Last week I had the opportunity to attend the 2019 Practice Leadership Conference, held in Washington DC. The title of the conference was “Advocacy and Leadership”. This theme was woven throughout the meeting. There were many aspects of this conference that were quite unique compared to the other leadership conferences I had attended. A highlight was our introduction to the new Chief of Professional Practice, Jared Skillings, PhD, ABPP. In addition, the newly hired Chief Advocacy Officer, Ms. Katherine McGuire, was introduced to the attendees. This was the last conference for the Committee for the Advancement of Professional Practice (CAPP), which is scheduled to sunset in June 2019. Members of CAPP were recognized for their contributions to practice and the profession. Numerous members of the newly formed Advocacy Coordinating Committee, in which I serve as one of the co-chairs, were in attendance. Special groups in attendance were the Diversity Delegates and Early Career Psychologists.
I had the opportunity to participate in a panel discussion during a plenary session: “Becoming Leaders for Integrated Advocacy – Making Use of Transferable Skills”. I found it to be a rewarding and enriching experience. It was noted that members of the audience were recognized leaders in their respective SPTA’s; the goal is to utilize these sills in our integrative advocacy, not only with APA but also within their SPTA. The panel discussed some of the challenges we have faced as leaders, as well as the need to look for opportunities that we have with our new integrated advocacy. I was a presenter in one of the breakout sessions, “Opioid Crisis and Non-pharmacological Pain Management Collaboration with SPTAs and Divisions”. I specifically discussed my practice, which focuses on pain management. I discussed health disparities as it relates to pain management and provided data about the number of patients that I treat who are on opioid therapy and the interventions that I have been using to address their use of opioids.

There were other programs that were of interest, including programs on Immigration, Integrated Care, Treatment Guidelines, HIPAA, and Telepsychology.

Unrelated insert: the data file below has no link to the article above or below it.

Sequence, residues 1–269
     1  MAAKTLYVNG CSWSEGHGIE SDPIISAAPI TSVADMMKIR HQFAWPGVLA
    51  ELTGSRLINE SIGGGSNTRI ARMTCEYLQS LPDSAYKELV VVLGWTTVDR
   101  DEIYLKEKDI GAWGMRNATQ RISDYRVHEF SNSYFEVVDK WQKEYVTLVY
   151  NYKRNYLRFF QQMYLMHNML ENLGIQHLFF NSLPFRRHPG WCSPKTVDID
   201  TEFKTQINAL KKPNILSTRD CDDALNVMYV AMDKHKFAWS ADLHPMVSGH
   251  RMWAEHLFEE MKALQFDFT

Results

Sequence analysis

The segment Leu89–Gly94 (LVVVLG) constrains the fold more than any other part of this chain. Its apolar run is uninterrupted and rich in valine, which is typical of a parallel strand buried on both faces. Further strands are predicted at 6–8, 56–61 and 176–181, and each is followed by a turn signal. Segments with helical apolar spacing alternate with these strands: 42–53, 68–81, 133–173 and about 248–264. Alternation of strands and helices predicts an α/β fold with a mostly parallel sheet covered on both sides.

Given that it was an advocacy conference, one of the main areas of focus of this conference was on advocacy, and it culminated with visits on Capitol Hill. I represent the state of Georgia as the Federal Advocacy Coordinator and have done so for 20 years. We were able to visit the following offices: Senator Johnny Isakson, and Representatives Buddy Carter, Drew Ferguson, John Lewis, and Lucy McBath. The following issues were discussed: Medicare Mental Health Access Act, removing the roadblock that hampers and delays mental health treatment for Medicare beneficiaries by ending unnecessary physician sign-off and oversight of psychologists’ services; Mental Health Telemedicine Expansion Act, making it easier for the elderly and disabled to obtain mental health care in their own home by removing current-law restrictions on the use of telehealth services; and requesting that our lawmakers encourage Betsy DeVos, Secretary of Education, to address the crisis at Argosy University, to protect the doctoral students in psychology, and all Argosy University students, to help them get back on a path of learning and degree completion.

There were two special highlights for me with this conference: I received a Presidential Citation from President Rosie Phillips Davis and was recognized for my 20 years of service as the Georgia Psychological Association Federal Advocacy Coordinator.
This was recognized as a transition year for the new APA, and it was good to have in attendance colleagues from applied practice, science, education, and the public interest communities, in addition to the practice community. This is the beginning of APA being a unified profession, “One APA”. Throughout the conference it was clear that we are an interdependent organization and profession. The public does not identify us as being either practice, applied practice, science, education, or public interest psychologists; they just see us as being a psychologist. It is now time for us to see ourselves as the same and discontinue the silos. We are stronger as one organization than our individual parts.
Overall, I would say that it was a strong week, and I look forward to us having other conferences that will integrate the voices of all psychologists. Education, Science, Practice and Public Interest: United to benefit society and improve people’s lives.